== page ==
The American Gastroenterological Association (AGA) Clinical Decision Tool for the Screening and Evaluation of Hepatitis C (HCV) will help gastroenterologists in the early management of HCV-positive patients, according to a new paper in Gastroenterology, the official journal of the American Gastroenterological Association. Chronic HCV has a significant impact on the adult population and is a disease for which much progress has been made in its treatment.
"The publication of this clinical decision support tool marks a milestone for the AGA," according to John I. Allen, MD, MPH, AGAF, chair, Hepatitis C Screening and Evaluation Task Force and president-elect of the AGA Institute. "This tool is the first in a series of care pathways that the AGA is developing as part of the Roadmap to the Future of GI, which is designed to provide gastroenterologists with the tools they need to thrive in an accountable care world."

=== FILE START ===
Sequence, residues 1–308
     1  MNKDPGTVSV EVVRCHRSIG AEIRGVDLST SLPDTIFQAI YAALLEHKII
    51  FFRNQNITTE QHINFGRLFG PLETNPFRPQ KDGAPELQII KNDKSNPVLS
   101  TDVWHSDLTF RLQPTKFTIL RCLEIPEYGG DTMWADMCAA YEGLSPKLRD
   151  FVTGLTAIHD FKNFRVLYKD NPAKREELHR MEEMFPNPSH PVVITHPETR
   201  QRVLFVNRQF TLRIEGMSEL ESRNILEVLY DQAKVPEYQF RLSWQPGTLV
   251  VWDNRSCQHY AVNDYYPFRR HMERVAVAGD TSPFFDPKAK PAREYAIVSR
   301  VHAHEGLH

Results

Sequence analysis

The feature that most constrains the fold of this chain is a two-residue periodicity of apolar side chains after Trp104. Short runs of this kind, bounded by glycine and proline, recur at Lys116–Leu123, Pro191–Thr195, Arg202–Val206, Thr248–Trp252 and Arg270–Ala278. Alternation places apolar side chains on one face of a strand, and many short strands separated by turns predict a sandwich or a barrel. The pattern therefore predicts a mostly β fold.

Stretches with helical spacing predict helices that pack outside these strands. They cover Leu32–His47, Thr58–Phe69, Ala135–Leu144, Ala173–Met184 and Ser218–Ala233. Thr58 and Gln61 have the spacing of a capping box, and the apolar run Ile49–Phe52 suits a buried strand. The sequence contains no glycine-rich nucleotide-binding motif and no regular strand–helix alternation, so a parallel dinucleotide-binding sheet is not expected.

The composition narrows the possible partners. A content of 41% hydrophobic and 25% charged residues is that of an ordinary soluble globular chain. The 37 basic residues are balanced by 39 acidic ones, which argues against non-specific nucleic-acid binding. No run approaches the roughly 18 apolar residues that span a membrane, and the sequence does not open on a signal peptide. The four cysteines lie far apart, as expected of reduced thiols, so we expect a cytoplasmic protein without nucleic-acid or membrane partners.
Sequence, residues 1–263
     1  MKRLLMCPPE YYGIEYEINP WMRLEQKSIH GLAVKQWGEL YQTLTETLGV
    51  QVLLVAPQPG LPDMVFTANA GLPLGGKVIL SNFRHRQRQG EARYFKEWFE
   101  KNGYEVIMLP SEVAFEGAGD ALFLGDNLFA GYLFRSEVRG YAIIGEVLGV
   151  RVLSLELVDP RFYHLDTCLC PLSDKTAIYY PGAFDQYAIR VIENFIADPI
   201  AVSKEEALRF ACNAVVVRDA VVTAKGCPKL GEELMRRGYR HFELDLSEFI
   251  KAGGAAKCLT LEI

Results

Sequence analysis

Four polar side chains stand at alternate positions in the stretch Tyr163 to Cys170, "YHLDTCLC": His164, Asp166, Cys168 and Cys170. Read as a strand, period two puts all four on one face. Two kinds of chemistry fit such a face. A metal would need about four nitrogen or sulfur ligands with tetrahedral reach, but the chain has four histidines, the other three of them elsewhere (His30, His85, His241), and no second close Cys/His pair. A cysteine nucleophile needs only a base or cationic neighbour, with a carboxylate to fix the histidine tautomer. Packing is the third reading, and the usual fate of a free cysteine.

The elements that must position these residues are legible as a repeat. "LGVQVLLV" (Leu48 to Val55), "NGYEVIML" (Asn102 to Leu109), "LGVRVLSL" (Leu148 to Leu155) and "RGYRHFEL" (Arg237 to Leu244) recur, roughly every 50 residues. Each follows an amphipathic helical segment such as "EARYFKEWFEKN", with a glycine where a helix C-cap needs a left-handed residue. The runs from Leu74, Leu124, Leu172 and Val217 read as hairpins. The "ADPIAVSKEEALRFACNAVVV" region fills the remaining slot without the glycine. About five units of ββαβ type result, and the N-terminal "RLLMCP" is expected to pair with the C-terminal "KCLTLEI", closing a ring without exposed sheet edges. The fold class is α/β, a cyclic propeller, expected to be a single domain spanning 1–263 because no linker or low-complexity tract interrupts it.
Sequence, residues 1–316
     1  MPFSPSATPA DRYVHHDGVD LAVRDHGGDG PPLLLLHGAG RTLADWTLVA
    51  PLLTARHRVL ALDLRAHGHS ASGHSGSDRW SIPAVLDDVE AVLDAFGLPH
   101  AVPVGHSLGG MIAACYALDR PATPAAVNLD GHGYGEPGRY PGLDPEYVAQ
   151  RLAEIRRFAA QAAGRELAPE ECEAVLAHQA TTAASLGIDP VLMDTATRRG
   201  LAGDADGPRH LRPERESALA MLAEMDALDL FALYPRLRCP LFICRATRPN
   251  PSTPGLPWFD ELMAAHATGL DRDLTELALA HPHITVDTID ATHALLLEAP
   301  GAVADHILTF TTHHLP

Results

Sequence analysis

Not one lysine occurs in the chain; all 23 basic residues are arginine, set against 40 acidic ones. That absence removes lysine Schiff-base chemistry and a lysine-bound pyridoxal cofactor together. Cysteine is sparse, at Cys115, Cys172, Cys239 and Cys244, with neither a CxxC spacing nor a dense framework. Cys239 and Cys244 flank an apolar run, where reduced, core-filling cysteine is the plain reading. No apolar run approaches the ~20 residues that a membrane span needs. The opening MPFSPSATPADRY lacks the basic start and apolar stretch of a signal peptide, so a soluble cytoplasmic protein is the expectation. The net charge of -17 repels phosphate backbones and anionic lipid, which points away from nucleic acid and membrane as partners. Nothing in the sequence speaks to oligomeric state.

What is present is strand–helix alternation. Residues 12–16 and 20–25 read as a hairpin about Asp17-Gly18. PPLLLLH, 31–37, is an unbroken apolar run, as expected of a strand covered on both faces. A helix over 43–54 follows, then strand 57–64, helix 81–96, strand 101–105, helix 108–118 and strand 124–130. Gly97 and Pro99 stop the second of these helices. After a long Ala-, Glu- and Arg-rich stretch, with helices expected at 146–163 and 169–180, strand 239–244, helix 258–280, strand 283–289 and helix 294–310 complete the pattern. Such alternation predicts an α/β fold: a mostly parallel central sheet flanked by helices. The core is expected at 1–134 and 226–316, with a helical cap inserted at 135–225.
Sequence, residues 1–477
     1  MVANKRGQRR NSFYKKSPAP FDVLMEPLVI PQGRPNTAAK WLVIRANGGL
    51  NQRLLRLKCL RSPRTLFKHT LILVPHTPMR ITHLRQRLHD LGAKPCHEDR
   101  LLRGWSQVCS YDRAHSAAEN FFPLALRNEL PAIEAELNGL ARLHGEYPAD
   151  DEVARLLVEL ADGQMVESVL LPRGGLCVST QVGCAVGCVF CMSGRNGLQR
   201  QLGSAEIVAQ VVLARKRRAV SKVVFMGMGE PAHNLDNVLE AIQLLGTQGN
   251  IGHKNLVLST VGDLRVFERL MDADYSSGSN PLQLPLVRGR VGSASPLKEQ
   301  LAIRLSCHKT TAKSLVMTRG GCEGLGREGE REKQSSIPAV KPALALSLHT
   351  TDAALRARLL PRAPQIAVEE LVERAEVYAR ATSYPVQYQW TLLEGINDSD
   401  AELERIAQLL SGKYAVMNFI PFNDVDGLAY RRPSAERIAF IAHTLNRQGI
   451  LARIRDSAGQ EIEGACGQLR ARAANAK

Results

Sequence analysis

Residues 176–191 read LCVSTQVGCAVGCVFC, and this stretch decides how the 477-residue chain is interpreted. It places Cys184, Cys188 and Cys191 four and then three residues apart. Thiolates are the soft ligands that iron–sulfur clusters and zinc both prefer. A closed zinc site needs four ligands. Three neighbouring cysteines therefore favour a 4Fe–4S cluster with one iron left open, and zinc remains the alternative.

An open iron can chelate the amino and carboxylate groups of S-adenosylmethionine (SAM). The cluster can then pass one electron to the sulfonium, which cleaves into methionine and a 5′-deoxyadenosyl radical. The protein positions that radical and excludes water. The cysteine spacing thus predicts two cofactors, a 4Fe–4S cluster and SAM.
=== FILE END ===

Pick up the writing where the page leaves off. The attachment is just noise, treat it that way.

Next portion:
The recommendations for population based screening by the Centers for Disease Control and Prevention and the U.S. Preventive Services Task Force (all people born between 1945 and 1965) were created in an effort to identify the 2.7 to 3.9 million Americans living with chronic HCV infection. The identification of this population and the subsequent management of the disease will overwhelm the current capacity of hepatologists. It is vital, therefore, that general gastroenterologists engage in the management of HCV patients.
The HCV Clinical Decision Tool is unique in that each decision point was evaluated and graded for its strength of evidence and strength of recommendation. It was designed to aid gastroenterologists in the early management of HCV-positive patients through an evidence-based, cost effective initial evaluation of HCV-positive patients.
"As the U.S. moves into a health-care delivery world constrained by financial pressures and characterized by accountable care, risk contracting for population management and reimbursements tied to outcomes, the tools created by the AGA will aid gastroenterologists to redesign their practice to meet these challenges," stated Dr. Allen.
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